Mr. de Martino believed, as he had indeed pointed out at a previous meeting,5 that at the actual moment they must before all else have the treaty come into force. To attain that essential end the means were [Page 629] comparatively unimportant. In those circumstances he associated himself with the proposition which the President had just formulated.
Mr. Matsui likewise gave his approval to the proposition.
Sir Eyre Crowe suggested that in the verbal communication to be made to Baron von Lersner, Mr. Dutasta could perfectly well indicate that if an error of 80,000 tons in the calculations were definitely established the Allied demands would be reduced by the 100,000 tons. In that way the Germans would have complete reason for giving their signature.
Mr. Clemenceau pointed out that the question of the immediate handing over of tonnage remained. Would they start by taking the 192,000 tons which the Germans offered, or would they await, before taking anything whatever, the definite establishment of the figures?
Sir Eyre Crowe thought they might well commence by taking delivery of what had been actually offered.
Mr. Loucheur suggested that there would, therefore, be grounds for saying in the verbal communication: Let the Germans sign the protocol as it stands; they stated, it was true, that in the Allied calculations there was an error of 80,000 tons; they would verify; if the German information were exact their demands would be reduced by 100,000 tons. Let the Germans then start at once the delivery of the 192,000 tons they had offered. If they showed that the Allied demands were excessive the Allies would reduce them to the degree considered necessary.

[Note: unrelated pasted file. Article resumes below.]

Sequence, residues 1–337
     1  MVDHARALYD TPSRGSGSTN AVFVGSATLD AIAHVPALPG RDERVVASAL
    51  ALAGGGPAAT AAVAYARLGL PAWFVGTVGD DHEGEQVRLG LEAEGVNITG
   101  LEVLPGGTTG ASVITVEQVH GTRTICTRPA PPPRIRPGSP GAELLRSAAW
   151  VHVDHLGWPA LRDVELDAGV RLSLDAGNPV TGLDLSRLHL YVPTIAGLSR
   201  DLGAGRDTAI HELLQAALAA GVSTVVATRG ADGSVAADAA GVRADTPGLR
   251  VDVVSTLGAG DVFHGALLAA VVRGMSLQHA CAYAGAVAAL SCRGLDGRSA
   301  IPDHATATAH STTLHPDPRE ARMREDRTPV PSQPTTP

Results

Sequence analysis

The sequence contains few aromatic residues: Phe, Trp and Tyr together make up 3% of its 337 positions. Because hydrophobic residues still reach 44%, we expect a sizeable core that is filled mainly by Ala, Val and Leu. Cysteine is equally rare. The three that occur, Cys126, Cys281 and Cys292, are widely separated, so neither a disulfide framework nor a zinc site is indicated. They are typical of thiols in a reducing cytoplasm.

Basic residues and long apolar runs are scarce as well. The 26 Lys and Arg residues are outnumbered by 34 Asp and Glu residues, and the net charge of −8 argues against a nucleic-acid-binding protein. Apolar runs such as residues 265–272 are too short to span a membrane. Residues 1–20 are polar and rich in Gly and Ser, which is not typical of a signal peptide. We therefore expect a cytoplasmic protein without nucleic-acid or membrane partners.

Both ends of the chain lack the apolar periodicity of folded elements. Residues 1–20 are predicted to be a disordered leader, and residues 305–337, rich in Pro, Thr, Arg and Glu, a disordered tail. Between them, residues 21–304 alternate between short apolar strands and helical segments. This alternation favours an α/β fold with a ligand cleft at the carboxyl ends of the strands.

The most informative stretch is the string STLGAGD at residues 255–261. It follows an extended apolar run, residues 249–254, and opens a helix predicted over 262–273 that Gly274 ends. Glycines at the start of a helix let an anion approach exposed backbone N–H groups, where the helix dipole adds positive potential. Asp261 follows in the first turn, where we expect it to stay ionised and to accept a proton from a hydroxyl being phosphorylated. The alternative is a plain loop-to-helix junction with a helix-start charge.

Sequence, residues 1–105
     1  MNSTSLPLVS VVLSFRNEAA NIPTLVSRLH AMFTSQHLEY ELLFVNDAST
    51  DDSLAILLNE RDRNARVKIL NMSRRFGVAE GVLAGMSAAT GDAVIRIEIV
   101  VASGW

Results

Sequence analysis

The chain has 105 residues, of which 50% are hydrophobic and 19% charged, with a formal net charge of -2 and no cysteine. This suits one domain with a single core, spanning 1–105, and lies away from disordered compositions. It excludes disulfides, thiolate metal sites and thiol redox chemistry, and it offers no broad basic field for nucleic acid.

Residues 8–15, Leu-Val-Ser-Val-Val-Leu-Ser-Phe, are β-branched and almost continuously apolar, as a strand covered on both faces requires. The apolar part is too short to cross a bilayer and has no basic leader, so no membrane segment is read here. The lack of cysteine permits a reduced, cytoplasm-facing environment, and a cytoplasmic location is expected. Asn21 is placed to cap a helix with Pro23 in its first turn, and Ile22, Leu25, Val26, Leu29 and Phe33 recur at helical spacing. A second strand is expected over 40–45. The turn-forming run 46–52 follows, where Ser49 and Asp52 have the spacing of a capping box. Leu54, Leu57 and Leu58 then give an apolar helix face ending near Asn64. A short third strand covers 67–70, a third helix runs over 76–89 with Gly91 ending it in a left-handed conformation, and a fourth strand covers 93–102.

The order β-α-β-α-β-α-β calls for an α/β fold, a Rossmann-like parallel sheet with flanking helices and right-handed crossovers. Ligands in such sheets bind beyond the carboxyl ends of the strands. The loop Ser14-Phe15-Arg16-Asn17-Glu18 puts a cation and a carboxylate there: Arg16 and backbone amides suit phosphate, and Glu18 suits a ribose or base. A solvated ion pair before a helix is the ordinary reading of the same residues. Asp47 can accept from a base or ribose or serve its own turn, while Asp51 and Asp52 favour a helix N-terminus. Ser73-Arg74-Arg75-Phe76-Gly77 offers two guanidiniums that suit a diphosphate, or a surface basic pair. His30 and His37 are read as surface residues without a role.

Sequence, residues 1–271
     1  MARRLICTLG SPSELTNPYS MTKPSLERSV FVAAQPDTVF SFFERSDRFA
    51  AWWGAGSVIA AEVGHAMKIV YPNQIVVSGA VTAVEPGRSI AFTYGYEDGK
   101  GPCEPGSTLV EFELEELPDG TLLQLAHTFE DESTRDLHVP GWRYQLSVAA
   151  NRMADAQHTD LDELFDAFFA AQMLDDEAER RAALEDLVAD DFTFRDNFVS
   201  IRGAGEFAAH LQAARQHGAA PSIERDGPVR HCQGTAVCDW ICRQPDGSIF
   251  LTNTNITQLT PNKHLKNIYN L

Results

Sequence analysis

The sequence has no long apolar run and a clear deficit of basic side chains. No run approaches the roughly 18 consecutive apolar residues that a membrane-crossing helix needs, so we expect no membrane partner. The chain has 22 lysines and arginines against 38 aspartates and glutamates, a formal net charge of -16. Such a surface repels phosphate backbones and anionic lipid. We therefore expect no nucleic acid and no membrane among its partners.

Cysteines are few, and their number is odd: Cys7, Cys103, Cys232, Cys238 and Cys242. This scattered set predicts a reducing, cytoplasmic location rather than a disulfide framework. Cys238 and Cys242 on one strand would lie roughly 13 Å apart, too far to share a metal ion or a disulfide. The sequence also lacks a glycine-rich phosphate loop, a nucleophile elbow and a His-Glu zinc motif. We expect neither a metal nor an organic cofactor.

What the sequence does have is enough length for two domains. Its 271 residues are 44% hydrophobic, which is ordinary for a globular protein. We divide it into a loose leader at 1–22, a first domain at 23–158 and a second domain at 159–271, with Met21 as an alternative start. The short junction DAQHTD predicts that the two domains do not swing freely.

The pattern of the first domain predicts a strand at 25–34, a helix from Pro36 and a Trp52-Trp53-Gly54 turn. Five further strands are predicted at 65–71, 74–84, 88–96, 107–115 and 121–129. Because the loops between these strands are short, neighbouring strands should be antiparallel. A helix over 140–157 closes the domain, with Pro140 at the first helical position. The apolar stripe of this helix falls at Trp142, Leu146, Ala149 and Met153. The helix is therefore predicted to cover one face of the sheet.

Sir Eyre Crowe pointed out that such an affirmation was, for that matter, already in their last note, but there were grounds for inserting in their reply a paragraph maintaining that they did not recognize any sales that Germany had made. They undertook not to paralyze German economic life but that undertaking had another side, namely that Germany did not get rid of the docks she possesses.
Mr. Loucheur said he would go further: they ought to prohibit the Germans for a period of one or two years from selling any dock whatever; the concessions they were able to make now were not for the purpose of allowing the Germans to sell any part of the materiel.
Mr. Leygues thought that it was not necessary to insist too much in the verbal or written communication upon the possibility of further concessions. The Germans would take advantage of it; indeed, it was important to be on their guard against figures the Germans supplied. He would remind the Council that the Commissions of Control had discovered in German ports 30 submarines more than they had declared.
Mr. Clemenceau summarized. They were agreed upon the general lines of the reply and he thought the Council was unanimous in considering [Page 630] that they should be sent with the least possible delay. He would be unable himself to be present at a meeting of the Council the following day: in these circumstances he proposed that the Heads of Delegations meet that evening at 7 o’clock in his cabinet to decide upon the terms of the note.
That proposition was adopted.
Sir Eyre Crowe added that the reply ought to take account of the position of the prisoners of Scapa Flow, as also of the question of the five cruisers. On the matter of the prisoners his Government made no difficulty about handing them over, it being understood that it should retain those who were guilty of a crime.
Mr. Loucheur asked whether the destruction of the vessels would be considered a crime.
Sir Eyre Crowe said that obviously it would not. As for the cruisers, it was a case of maintaining purely and simply the demand formulated in the protocol.